West Ham's Head of Player Care on helping new signings settle
Hugo Scheckter discusses how language, council tax and zebra crossings are all crucial in what he describes as 'the new wave of football difference-making'.
It’s 2pm in the canteen at West Ham’s Rush Green training ground. Plates are clattering, as players chat in between mouthfuls of their post-training session meal of lamb cutlets or chicken kebabs.
Andriy Yarmolenko, who has been at the club little over a week after joining from Borussia Dortmund, sits on his own FaceTiming his family.
Hugo Scheckter, West Ham’s Head of Player Care, walks over to his table and asks if he needs anything. It’s a small gesture, but one that the new signing clearly appreciates.
“I believe that player care is the new wave of difference-making in football,” says Scheckter as he takes his seat for this interview a couple of tables away.
“In the ‘90s it was medicine, more recently it’s been video analysis, and I think player care is the next area where clubs can really get an advantage over each other.
“By having players who are set up properly and looked after, it means they can focus on nothing but football as soon as possible after they walk through the door.”
Scheckter joined West Ham in March from Southampton, and has spent the summer restructuring his team, recruiting Emma Bacon, whose background is in women’s rugby, and Barney Bossom, a linguist, to provide necessary support.
“We’re trying to make sure that everything is not just taken care of, but taken care of in the right way,” says Scheckter.
“It’s our ambition to have one of the best player care departments in the next two years.”
It has been a busy summer for the Hammers, who are for a top-six finish in the latest Premier League betting, with the arrival of 16 new faces: seven players, a new manager in Manuel Pellegrini, coaching staff, scouts and a director of football.
“That is more than I've ever dealt with, I'm more used to about five or six,” says Scheckter.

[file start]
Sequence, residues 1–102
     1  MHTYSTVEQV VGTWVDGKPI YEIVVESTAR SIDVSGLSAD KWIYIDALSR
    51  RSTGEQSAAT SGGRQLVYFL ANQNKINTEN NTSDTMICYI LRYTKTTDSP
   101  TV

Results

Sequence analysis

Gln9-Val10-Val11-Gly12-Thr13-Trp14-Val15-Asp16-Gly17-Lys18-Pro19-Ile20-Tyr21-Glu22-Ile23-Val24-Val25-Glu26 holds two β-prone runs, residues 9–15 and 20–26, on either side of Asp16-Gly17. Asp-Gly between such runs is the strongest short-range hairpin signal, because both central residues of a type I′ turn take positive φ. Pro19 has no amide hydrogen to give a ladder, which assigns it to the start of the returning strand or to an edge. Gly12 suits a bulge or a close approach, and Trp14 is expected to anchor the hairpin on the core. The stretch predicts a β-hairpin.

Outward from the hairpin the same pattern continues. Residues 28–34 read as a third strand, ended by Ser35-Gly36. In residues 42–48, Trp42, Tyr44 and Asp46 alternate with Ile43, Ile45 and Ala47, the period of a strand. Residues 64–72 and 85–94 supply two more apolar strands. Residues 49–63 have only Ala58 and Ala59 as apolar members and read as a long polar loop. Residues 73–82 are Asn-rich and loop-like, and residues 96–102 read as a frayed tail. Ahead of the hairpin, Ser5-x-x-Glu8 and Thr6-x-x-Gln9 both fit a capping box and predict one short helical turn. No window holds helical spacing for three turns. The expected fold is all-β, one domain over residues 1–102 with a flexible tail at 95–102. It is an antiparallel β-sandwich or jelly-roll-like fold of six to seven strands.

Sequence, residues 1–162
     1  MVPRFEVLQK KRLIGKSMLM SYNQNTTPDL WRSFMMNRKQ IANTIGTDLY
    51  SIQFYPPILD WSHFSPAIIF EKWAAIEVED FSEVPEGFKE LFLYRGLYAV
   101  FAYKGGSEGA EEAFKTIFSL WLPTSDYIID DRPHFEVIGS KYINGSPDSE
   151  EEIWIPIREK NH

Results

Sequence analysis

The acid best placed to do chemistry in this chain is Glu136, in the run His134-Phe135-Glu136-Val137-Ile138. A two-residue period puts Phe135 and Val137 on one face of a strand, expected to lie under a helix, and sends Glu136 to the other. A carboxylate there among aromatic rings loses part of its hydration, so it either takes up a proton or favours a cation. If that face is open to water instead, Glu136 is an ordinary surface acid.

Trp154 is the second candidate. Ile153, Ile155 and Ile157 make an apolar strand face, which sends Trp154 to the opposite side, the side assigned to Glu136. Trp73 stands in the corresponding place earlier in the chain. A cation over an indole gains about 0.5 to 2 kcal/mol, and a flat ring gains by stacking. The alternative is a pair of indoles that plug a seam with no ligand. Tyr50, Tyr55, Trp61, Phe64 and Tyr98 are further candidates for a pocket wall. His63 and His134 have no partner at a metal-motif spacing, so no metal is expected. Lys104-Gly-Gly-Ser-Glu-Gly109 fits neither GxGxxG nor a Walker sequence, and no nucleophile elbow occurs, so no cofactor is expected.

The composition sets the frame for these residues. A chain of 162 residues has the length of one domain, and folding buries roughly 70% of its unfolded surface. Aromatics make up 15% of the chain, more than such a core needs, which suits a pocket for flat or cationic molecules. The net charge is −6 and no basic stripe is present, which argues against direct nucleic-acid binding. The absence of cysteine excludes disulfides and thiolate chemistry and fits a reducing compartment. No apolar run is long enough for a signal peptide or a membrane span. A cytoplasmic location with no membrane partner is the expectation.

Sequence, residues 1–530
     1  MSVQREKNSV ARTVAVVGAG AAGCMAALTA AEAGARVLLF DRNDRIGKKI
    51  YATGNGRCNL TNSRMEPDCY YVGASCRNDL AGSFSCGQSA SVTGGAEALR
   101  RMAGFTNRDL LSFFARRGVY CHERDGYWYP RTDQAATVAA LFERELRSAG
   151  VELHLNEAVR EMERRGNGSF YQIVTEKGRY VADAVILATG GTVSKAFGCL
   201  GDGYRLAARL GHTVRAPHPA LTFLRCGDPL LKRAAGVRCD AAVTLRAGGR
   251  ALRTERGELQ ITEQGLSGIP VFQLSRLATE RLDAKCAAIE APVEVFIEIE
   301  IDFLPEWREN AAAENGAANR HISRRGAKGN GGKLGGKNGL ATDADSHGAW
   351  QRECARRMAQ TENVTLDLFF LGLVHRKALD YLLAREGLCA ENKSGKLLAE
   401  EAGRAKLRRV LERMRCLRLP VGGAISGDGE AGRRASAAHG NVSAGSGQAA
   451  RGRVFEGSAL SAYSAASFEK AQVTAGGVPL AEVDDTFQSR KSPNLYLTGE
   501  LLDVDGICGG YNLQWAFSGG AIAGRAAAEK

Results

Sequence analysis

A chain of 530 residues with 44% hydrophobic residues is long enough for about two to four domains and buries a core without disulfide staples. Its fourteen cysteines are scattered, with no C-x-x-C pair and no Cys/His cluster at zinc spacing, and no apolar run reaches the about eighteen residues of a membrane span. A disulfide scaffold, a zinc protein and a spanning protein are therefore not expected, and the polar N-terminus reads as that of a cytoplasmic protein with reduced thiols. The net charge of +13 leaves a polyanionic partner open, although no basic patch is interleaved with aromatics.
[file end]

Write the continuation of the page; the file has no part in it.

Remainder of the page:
A clearly defined plan, however, ensures that every single one has been well looked after.
“We try and sort the six main things: the house, the car, the bank account, the family, the phone and languages. Once we’ve got those basic things, everything else falls into place,” says Scheckter.
“Player care sometimes gets seen as like running a concierge or nanny service.
“But if you or I moved to a foreign country aged 20, we wouldn’t know what to do because we haven’t grown up in that environment.
“When someone comes here, we need to make sure that everything's explained.
“Someone like Fabian Balbuena, for example, has never lived outside of South America.
“There’s so much different stuff that they have to get used to, it’s about trying to work out the gaps in their knowledge.
“Whether it's council tax – we're the only country in the modern world that has a council tax-style system – or even knowing you need to stop at a zebra crossing.
“A lot of the time, we're just translating English into English, when people speak with an accent or use flowery language, so they're not confused and know what they're signing up to.
“We’re there to protect them, as well, because there are a lot of people who see these players as a potential money source.”
The importance of communication is made clear as Issa Diop – a summer signing from Toulouse – apologetically interrupts to ask which of the taxis outside the training ground is there to pick him up.
Scheckter drops into French to let the defender confirm his journey home.
“We go for some of the best players in the world, some of them do speak English and some don't,” says Scheckter.
“We found that even in a couple of weeks of being here, players pick up the language really quickly.
“Barney [Bossom] speaks Italian and Spanish fluently and I have basic French, so unless we're signing a player from North Korea, we've got it covered within the squad.”
Scheckter has lived abroad himself, having studied at university in Washington DC before working with then NASL team Indy Eleven in Indianapolis, IN.
“I’ve moved four or five times in my life, so I know their feelings of isolation and confusion when you go somewhere new,” he says.
“I think the biggest skill is empathy and understanding that, just because a problem doesn't sound serious, it might be to them.
That compassion and understanding means that Scheckter’s work is far from done, even after players have settled at the club.
“The old-fashioned way of looking at player care is just with the player itself, but when you've got someone with a wife and kids, you're probably looking at a year or two before they really feel at home.
“A player can be really happy, but if the family's not settled, it won't work out. Eventually it's going to crack.
“It’s a full-on job – my phone is on 24 hours a day.”
It’s through that care and attention that Scheckter ensures players feel valued.
“I treat the players as people, and I think that’s how you get the best out of them,” he says.
“Hopefully they feel that love from the club. It sounds a bit hippyish but, to feel some love back from your employer no matter where you work is really important.
“To have a player they come and shake your hand, look you in the eye and say, 'I couldn't have done it without you guys.'
“That, to me, is a job well done.”